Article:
is a 7-month-old pug living in Durham, N.C. He is the
pride of his caretakers, Mattie and Greg, and has been
with them since he was 7 weeks old. He is fully
vaccinated, on heartworm prevention medication and is
fed strictly Science Diet Maintenance dog food. He has
been neutered. His daily routine includes a 3-mile walk
through his neighborhood and time in a local dog park.
It is these trips to the dog park that Greg and Mattie
think might be responsible for a skin problem he is
the last couple of weeks, Hadley has developed areas of
hair loss over much of his body. Mattie states the spots
are mostly roundish in shape with virtually no hair and
flaking skin. Most recently he has begun to scratch some
of the spots as well. Greg and Mattie are convinced
Hadley picked up something from his dog park adventures.
skin of dogs has a finite amount of manifestations to a
myriad insults. In other words, it is most often not
possible to diagnose the underlying cause of a skin
problem simply by looking. There are cases of course
that are obvious, fleas for example come to mind, but in
Hadley’s case, diagnostics are in order.
suspicion is that Hadley is dealing with a case of
Demodectic mange. To diagnose this disease, we commonly
use a skin scraping technique followed by a microscopic
exam of the material scraped from the skin. If I am
correct, the microscopic study will reveal the presence
of one or many cigar shaped mites with stubby legs, six
mites burrow into the victim’s hair follicles and set
up in households where they breed and can spread. The
hair shafts fall out, hence the hair loss being
described with Hadley. Demodectic mange is not always
itchy though the generalized form, where much of the
skin of the patient is involved, can cause pruritis.
interesting note about Demodex is that these mites are
considered a normal inhabitant of a dog’s skin. They
can be found in small numbers on virtually any dog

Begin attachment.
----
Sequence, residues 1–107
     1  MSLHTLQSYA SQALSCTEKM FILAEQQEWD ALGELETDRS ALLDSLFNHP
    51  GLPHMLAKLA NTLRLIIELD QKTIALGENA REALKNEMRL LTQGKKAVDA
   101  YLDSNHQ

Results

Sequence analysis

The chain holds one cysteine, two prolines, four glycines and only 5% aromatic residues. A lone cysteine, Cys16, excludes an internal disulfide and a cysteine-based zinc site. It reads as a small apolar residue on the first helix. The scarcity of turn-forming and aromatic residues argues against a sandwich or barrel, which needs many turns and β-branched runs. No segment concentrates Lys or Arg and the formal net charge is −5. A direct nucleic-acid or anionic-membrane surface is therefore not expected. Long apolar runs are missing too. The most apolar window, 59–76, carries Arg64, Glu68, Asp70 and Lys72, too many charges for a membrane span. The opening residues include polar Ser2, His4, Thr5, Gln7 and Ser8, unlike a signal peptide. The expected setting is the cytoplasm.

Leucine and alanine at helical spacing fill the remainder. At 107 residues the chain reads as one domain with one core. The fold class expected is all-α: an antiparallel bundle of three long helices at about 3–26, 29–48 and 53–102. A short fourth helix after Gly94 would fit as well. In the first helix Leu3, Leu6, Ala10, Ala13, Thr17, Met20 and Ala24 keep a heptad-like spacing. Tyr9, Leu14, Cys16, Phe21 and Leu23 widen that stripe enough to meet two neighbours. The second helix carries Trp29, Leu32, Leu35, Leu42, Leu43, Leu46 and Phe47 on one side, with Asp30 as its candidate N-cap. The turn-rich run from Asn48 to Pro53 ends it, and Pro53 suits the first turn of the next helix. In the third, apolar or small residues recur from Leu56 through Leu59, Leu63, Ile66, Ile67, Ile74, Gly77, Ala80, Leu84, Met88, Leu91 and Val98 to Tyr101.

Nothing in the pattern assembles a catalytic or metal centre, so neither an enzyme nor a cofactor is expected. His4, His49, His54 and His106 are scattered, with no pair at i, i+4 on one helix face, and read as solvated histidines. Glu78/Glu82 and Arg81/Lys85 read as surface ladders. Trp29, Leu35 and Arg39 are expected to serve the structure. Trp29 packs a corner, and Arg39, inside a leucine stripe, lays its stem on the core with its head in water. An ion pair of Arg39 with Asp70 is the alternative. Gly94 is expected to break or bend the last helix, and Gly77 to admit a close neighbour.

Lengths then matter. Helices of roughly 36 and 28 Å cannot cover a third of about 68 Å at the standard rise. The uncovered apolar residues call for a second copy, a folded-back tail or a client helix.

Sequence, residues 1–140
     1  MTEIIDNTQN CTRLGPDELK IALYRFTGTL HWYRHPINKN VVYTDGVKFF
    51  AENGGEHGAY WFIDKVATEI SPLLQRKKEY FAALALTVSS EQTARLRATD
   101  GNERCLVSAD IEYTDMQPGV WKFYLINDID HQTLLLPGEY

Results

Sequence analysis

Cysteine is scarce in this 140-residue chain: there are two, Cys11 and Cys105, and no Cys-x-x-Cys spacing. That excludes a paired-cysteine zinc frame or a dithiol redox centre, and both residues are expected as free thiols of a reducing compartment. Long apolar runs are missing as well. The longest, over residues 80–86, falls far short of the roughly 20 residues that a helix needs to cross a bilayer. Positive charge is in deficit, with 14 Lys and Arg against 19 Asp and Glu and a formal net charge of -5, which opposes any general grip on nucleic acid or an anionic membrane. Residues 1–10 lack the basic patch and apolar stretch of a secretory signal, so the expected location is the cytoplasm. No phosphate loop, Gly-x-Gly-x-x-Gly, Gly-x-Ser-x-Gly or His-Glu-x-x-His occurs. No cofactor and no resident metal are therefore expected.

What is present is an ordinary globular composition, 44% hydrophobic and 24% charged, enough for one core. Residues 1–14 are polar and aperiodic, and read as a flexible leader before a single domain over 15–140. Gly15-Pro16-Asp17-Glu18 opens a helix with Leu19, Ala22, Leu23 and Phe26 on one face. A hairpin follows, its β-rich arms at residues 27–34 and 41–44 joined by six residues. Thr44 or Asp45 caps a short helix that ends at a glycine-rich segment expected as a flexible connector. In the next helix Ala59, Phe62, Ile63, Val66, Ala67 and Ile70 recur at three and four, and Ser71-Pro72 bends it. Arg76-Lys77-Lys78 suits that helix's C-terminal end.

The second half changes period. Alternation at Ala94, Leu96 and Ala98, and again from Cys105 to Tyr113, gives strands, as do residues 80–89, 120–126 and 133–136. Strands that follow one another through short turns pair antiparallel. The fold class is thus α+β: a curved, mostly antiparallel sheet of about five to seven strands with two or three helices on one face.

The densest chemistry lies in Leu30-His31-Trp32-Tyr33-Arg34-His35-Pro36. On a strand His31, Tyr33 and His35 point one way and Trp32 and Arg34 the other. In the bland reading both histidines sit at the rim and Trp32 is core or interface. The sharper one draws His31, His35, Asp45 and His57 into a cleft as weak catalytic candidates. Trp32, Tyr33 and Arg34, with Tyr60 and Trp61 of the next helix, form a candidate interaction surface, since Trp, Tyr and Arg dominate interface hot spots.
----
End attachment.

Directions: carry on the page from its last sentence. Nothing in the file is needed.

without incident. It is theorized that a dog’s immune
system keeps the Demodex population in check. In fact it
is very rare to see a case of Demodectic mange in an
adult dog unless there is some compromise to the dog’s
occurs far more commonly in younger dogs as their immune
systems develop. It is usually self-limiting, in other
words, it does not spread and is contained by the immune
system and eradicated as an apparent skin problem. These
dogs will show a spot or two of hair loss often around
the face and ears.
treatment is sometimes used to aid in treatment and
these cases almost always resolve. Generalized
Demodectic mange however needs more aggressive therapy.
If I am correct with Hadley’s diagnosis, he has the
generalized form of this disease. Incidentally, Demodex
is not considered a communicable disease so Hadley would
not have contracted the disease from hanging with his
bros in the dog park.
the interest of hedging I must admit that I may be wrong
in my suspicion that Hadley has generalized Demodectic
mange. He could have ringworm, a type of fungal disease
or, as I stated above at the beginning of our
discussion, a myriad other possible causes.
thing is for sure in my mind, it does not appear likely
Hadley’s skin issues will resolve on their own. He
needs a trip to his veterinarian.